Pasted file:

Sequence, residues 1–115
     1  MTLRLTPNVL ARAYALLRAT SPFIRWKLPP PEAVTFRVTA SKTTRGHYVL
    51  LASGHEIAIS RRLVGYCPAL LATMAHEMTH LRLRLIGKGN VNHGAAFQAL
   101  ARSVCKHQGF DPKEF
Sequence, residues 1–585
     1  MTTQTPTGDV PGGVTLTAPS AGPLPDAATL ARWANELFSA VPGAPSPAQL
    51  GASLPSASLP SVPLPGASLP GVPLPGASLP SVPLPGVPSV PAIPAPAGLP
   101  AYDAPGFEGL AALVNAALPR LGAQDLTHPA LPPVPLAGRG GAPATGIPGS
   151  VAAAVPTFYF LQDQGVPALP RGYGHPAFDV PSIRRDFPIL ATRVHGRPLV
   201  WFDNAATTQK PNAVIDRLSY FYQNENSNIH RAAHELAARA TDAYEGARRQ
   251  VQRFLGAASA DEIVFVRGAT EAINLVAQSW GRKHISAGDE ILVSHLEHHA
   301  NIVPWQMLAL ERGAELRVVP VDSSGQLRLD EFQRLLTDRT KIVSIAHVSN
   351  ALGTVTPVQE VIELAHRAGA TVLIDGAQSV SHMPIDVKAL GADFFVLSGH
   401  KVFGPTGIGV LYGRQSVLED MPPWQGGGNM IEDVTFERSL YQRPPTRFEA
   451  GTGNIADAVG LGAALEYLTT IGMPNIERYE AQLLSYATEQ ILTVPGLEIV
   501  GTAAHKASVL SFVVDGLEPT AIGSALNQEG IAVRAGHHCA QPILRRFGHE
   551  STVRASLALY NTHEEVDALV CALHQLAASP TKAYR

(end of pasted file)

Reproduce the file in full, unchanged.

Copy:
Sequence, residues 1–115
     1  MTLRLTPNVL ARAYALLRAT SPFIRWKLPP PEAVTFRVTA SKTTRGHYVL
    51  LASGHEIAIS RRLVGYCPAL LATMAHEMTH LRLRLIGKGN VNHGAAFQAL
   101  ARSVCKHQGF DPKEF
Sequence, residues 1–585
     1  MTTQTPTGDV PGGVTLTAPS AGPLPDAATL ARWANELFSA VPGAPSPAQL
    51  GASLPSASLP SVPLPGASLP GVPLPGASLP SVPLPGVPSV PAIPAPAGLP
   101  AYDAPGFEGL AALVNAALPR LGAQDLTHPA LPPVPLAGRG GAPATGIPGS
   151  VAAAVPTFYF LQDQGVPALP RGYGHPAFDV PSIRRDFPIL ATRVHGRPLV
   201  WFDNAATTQK PNAVIDRLSY FYQNENSNIH RAAHELAARA TDAYEGARRQ
   251  VQRFLGAASA DEIVFVRGAT EAINLVAQSW GRKHISAGDE ILVSHLEHHA
   301  NIVPWQMLAL ERGAELRVVP VDSSGQLRLD EFQRLLTDRT KIVSIAHVSN
   351  ALGTVTPVQE VIELAHRAGA TVLIDGAQSV SHMPIDVKAL GADFFVLSGH
   401  KVFGPTGIGV LYGRQSVLED MPPWQGGGNM IEDVTFERSL YQRPPTRFEA
   451  GTGNIADAVG LGAALEYLTT IGMPNIERYE AQLLSYATEQ ILTVPGLEIV
   501  GTAAHKASVL SFVVDGLEPT AIGSALNQEG IAVRAGHHCA QPILRRFGHE
   551  STVRASLALY NTHEEVDALV CALHQLAASP TKAYR